Written by William Dobson
An open letter to TV cooks (especially Rick Stein – I love you):
I love The Hairy Bikers. There is something incredibly comforting about their awful jokes and their northern joviality. It’s like watching an epicurean version of The Chuckle Brothers. However, they are also very good cooks, passionate advocates of local British food and strike that perfect balance between gastronomy and accessibility to those watching at home.
So, as the weekend drew to a close and I scoured the Sky + for something to watch, I was pleasantly surprised to see that I’d recorded an episode of The Hairy Bikers Ride Again. However, I was less than pleased to find out that this time off they’d ridden to the ‘exotic’ land of Morocco.
It annoyed me somewhat. Not that they had travelled to Morocco per se. But that they seemed to have followed the footsteps of just about every other TV chef alive and travelled to Morocco. I first went there when I was 13 and, of all the countries I’ve been to, particularly in the Middle East, it has to be one of the least memorable on a culinary note. In fact, my only culinary memory of any note has been being violently ill everytime I’ve been there.
Don’t get me wrong, I enjoy a tajine as much as the next person. Indeed, it’s a dish I’ll often chose to cook if having a dinner party for a reasonable sized group. It’s an easy one pot dish which is unusual enough to dupe people into thinking that you’ve gone to a great deal of effort when, in actual fact, you haven’t. Not only that but, if cooked well, it’s also delicious and healthy.
But while I do enjoy a tajine once in a while, my issue is that Moroccan cuisine seems to have gained a reputation as being one of the culinary delights of the known world on the basis of this one, albeit diverse, versatile and undoubtedly tasty dish. I just don’t know why chef after chef after chef has to go there to report back what we already know. Tajines are very tasty, Moroccans love cumin, if you’re going there pack some Immodium.
Ultimately, travelling chefs seem to resort to making up their own dishes which they claim are ‘traditional’. Si and Dave, I’m sure your flat bread stuffed with fillet steak was delectable; I just don’t know how many Berbers living in the Atlas Mountains cook with that particular cut of beef on a regular basis.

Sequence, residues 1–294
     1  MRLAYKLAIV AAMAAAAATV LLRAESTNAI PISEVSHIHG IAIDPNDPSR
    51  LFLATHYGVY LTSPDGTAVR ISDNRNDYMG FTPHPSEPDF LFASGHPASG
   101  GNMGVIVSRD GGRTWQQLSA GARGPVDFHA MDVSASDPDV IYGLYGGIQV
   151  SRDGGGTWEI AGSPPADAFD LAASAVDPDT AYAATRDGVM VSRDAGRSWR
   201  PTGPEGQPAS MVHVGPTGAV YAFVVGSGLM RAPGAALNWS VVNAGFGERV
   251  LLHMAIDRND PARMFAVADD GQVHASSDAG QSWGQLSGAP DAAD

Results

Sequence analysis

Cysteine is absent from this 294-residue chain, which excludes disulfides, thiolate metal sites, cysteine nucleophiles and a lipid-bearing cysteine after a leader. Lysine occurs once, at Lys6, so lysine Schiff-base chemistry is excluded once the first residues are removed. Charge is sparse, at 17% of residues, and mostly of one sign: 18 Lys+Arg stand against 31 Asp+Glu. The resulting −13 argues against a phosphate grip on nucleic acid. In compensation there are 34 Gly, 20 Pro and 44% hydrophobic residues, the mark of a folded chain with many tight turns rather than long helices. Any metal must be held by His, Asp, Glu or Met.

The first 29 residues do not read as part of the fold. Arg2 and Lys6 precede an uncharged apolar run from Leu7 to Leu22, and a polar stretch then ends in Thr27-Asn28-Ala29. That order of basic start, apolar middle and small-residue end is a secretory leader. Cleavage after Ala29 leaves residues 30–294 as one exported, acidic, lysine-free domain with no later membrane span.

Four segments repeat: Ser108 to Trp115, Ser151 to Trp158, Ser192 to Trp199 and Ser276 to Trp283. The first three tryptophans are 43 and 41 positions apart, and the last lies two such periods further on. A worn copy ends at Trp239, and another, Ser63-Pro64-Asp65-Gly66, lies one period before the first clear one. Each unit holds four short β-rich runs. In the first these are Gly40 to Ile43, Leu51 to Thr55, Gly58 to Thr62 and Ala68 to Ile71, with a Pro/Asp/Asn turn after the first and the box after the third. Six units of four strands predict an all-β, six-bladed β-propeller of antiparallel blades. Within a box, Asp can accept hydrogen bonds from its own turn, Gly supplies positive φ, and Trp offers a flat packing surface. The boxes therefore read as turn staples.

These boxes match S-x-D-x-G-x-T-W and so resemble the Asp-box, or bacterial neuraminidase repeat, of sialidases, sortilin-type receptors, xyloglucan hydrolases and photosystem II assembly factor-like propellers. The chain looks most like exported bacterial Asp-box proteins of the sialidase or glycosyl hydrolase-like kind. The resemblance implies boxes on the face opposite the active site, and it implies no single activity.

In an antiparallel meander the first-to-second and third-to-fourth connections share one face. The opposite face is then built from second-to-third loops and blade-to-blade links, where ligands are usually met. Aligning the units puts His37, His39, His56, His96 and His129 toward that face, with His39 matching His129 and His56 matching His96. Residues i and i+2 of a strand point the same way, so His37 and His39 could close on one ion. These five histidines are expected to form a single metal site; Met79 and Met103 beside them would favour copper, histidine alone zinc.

So here’s a challenge for Messrs Meyers and King, Rick Stein (my one true love), Jamie, Keith Floyd if he hadn’t drunk himself into an early grave (not Gordon Ramsay – he’s a dick), or whoever the next big celebrity chef may be: how about going somewhere in the Middle East that hasn’t been done countless times before. Moreover, how about going somewhere where their cuisine stretches to more than something akin to the Middle East’s answer to the Cornish pasty.
It is my dream, when things have calmed down there, to see Rick Stein, replete with customary pink Ralph Lauren shirt, delighting himself with the freshly baked bread at Al Khawali on Straight Street in Damascus, quoting from T.E. Lawrence while eating mezze and garlicy grilled chicken at the little restaurant overlooking Crac de Chevaliers, and tucking into Lahm bil Kraz (meatballs in a cherry sauce) beneath the indomitable and magnificent citadel in Aleppo. In the meantime, how about journeying to Lebanon, Jordan, Turkey or even Yemen and spreading the word about these wonderful cuisines? Surely that’s not too much to ask?
P.s. A note to Anthony ‘Wozza’ Worrall-Thompson – probably best if you sit this one out. They don’t look to kindly upon petty thievery in that part of the world! Although, surely the most embarrassing thing about the whole episode was a ‘chef’ being caught shopping at Tesco…